Minnesota residents may be interested to learn that around the country in 2016, there were more than 1.5 million drug law violations in which a person was taken into custody. The vast majority of those offenses, nearly 85 percent, were for possession. Law enforcement actions against drug users is both out of step with public opinion and disproportionately affects minorities and immigrants.
A majority of primary voters in New Hampshire, South Carolina and Maine revealed in 2016 polls that they believed people should not be detained for drug possession or use. In Maryland, decriminalization bills were introduced in 2016 and 2017. A commission in Hawaii is studying decriminalization.
Black people make up 35 percent of those in state prisons for drug possession despite being only 13 percent of the population and using drugs at the same rate as other groups. They are also nearly 30 percent of those taken into custody for drug-related violations. People in the United States who are not citizens, including permanent residents, risk automatic detention and deportation for even minor drug offenses. In some cases, there is no possibility for returning.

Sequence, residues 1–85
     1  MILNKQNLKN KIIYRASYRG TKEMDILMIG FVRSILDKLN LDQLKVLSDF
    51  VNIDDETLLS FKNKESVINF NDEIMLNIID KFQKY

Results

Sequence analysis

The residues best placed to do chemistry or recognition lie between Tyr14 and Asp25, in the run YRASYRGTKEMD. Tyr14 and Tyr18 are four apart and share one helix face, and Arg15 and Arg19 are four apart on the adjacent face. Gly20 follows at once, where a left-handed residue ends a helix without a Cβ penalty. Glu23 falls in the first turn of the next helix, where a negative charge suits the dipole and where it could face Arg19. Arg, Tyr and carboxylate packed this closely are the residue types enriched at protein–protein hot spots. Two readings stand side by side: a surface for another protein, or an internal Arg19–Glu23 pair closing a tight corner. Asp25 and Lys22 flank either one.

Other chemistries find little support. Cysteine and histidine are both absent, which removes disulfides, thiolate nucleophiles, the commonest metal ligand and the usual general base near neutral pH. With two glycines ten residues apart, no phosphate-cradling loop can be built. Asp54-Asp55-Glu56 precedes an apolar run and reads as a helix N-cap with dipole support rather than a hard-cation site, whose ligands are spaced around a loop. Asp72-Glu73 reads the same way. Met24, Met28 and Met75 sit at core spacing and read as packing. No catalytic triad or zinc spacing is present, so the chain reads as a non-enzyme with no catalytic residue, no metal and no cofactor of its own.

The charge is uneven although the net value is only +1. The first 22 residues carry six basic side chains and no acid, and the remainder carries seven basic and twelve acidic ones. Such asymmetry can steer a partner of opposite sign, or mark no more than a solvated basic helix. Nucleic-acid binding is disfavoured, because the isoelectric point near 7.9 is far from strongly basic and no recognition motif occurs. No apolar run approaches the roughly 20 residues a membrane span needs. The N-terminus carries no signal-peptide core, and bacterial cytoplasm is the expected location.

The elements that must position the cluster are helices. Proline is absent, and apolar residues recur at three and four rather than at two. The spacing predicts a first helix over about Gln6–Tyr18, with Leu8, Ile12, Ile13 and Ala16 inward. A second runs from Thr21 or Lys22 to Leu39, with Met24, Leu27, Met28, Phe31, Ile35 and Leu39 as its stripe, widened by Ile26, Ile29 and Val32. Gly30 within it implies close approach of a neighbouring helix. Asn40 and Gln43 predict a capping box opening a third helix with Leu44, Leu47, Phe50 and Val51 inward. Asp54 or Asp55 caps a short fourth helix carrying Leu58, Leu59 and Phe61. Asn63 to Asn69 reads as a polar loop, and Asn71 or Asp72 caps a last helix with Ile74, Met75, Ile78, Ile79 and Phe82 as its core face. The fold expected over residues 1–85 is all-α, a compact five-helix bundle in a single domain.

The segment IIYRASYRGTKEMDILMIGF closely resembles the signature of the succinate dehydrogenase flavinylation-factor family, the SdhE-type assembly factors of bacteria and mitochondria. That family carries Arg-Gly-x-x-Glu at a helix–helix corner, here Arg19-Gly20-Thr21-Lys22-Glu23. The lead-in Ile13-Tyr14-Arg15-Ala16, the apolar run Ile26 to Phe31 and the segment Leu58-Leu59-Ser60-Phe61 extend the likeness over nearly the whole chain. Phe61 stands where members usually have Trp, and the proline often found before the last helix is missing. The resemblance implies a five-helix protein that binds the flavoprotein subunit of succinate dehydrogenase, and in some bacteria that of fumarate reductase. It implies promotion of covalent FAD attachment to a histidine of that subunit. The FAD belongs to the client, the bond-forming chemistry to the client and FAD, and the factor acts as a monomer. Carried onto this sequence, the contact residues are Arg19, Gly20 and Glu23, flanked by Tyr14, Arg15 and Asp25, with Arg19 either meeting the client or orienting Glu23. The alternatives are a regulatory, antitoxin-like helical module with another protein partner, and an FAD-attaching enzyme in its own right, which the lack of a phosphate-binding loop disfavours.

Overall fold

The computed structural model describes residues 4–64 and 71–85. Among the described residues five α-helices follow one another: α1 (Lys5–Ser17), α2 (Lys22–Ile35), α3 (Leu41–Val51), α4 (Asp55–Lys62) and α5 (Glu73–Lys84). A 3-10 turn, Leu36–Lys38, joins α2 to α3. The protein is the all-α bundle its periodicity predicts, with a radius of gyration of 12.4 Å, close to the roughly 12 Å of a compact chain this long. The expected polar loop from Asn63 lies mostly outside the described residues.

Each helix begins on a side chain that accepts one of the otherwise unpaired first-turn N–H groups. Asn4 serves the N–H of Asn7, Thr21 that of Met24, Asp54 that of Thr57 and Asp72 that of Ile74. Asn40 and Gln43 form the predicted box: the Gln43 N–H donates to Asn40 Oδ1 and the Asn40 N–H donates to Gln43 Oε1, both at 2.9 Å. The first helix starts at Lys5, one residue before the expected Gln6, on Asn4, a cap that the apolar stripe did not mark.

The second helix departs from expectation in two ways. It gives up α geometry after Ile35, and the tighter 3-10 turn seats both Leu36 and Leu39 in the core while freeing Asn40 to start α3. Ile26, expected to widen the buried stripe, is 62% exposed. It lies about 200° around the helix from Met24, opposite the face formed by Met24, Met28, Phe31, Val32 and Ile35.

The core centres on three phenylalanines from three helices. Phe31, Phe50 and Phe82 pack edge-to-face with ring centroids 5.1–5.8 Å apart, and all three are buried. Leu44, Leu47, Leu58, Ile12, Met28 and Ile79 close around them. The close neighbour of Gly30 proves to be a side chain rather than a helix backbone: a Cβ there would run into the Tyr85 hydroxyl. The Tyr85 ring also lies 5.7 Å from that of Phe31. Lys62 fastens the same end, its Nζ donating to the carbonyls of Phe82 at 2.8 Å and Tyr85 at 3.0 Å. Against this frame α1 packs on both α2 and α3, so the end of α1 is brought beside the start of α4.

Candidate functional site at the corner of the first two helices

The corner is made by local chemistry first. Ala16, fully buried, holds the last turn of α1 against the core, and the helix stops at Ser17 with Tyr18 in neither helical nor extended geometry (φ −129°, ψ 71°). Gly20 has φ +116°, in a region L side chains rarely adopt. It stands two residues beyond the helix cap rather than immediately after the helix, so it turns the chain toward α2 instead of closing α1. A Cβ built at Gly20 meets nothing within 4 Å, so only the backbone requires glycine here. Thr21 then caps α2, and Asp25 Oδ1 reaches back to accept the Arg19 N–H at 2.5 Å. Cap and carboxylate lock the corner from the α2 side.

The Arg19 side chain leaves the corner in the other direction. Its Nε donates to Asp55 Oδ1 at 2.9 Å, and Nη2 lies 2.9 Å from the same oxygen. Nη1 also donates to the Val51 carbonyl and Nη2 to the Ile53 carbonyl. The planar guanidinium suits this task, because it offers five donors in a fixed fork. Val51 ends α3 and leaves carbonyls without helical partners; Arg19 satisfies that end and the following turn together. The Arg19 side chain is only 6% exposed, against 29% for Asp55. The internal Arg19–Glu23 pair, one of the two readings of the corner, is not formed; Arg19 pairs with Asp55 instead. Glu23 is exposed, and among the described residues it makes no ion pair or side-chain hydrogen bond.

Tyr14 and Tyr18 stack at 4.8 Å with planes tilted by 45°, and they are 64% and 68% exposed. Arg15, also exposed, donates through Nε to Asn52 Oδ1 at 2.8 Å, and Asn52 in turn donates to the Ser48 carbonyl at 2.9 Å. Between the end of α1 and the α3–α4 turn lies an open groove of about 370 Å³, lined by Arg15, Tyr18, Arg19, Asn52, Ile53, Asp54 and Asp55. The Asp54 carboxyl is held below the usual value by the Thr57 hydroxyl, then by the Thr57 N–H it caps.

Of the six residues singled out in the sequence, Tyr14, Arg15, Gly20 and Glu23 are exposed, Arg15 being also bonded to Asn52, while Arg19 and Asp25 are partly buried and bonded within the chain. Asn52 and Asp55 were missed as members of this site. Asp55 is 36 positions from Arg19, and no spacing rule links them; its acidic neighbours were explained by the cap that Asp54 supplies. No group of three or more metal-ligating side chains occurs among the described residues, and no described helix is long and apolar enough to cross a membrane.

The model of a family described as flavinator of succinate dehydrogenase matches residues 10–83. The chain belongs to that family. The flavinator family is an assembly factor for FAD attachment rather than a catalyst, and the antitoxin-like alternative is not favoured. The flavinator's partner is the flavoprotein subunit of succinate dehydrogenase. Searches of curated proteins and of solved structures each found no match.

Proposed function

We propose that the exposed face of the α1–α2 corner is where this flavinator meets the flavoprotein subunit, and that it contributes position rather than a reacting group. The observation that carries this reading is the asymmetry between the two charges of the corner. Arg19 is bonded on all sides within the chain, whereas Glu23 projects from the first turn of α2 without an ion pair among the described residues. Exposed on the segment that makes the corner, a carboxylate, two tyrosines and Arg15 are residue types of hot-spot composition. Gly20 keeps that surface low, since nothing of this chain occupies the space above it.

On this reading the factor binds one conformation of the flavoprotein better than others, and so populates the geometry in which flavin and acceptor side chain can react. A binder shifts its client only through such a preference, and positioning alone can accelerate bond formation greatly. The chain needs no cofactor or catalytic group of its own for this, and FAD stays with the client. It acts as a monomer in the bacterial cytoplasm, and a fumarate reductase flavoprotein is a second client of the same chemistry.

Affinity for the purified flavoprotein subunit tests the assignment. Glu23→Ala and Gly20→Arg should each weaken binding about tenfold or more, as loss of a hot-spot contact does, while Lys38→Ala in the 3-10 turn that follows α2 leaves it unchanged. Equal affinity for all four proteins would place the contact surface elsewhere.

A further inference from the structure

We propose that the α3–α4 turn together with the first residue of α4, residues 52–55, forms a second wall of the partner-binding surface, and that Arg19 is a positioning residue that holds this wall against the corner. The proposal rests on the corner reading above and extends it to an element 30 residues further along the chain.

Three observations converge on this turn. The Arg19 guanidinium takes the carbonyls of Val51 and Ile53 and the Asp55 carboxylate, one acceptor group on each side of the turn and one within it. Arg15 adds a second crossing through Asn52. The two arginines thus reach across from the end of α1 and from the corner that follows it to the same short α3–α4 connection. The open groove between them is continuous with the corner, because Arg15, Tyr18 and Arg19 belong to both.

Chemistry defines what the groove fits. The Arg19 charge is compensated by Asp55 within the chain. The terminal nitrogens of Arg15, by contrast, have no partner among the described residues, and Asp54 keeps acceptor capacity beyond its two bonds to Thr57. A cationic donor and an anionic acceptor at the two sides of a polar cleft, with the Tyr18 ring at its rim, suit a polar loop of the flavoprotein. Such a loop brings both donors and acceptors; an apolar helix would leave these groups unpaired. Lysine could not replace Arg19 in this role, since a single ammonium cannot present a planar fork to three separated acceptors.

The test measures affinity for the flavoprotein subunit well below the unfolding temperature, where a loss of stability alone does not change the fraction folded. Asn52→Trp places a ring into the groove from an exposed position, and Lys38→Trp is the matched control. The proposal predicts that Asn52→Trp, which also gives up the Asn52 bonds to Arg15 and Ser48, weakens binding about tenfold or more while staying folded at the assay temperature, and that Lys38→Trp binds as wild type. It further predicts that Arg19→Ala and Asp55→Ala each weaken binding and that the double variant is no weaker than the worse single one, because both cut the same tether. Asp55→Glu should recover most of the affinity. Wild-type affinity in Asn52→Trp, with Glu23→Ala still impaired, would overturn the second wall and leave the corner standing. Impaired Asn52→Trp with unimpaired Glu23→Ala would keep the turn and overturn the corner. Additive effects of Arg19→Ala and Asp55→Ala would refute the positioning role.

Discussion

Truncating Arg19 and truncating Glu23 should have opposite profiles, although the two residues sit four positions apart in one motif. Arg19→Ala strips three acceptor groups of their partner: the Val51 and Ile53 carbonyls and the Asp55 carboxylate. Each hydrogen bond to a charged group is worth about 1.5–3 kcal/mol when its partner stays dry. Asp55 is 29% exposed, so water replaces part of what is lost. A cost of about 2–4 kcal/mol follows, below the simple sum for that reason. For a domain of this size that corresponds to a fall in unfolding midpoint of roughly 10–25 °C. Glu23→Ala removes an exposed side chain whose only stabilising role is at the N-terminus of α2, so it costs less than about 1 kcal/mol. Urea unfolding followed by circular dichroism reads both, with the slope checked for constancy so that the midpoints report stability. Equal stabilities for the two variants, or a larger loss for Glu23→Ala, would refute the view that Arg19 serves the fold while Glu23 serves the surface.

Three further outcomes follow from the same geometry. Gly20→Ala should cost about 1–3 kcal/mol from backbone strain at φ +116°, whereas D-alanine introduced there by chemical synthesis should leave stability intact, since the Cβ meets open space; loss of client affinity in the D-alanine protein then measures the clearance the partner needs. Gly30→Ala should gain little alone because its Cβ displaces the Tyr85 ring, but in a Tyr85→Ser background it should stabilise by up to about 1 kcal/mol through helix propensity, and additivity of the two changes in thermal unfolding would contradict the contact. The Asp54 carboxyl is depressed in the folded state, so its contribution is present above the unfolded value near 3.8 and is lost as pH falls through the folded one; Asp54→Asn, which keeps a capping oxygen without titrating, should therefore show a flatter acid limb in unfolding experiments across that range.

A number of national and international organizations have called for drug use and possession to be decriminalized. These include the Movement for Black Lives, the American Public Health Association, the International Red Cross, the World Health Organization and the United Nations.
Unfortunately, until some of these drug laws are repealed, drug charges will continue to be disproportionately aimed at certain populations and to have serious consequences. In addition to the legal problems, a person’s access to federal student loans could be affected, or there might be consequences in some career fields. An attorney might examine the evidence to see if the person’s rights were protected. Another option could be a plea bargain that bypasses a trial and results in a lighter sentence.